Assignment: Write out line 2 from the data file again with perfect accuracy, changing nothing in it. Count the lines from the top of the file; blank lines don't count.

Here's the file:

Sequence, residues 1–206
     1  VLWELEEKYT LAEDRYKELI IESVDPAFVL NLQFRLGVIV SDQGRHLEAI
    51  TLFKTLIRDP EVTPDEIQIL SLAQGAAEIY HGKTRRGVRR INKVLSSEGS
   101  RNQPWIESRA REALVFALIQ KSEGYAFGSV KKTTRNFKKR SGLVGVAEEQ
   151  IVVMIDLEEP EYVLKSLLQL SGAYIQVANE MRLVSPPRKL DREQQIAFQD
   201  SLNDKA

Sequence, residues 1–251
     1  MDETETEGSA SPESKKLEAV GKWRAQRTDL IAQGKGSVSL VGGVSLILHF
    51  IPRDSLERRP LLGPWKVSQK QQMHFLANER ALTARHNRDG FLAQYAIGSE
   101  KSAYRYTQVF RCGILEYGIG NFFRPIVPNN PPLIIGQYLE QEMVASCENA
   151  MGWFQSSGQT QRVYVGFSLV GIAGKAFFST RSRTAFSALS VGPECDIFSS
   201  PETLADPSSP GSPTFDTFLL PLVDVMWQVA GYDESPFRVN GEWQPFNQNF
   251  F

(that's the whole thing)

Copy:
     1  VLWELEEKYT LAEDRYKELI IESVDPAFVL NLQFRLGVIV SDQGRHLEAI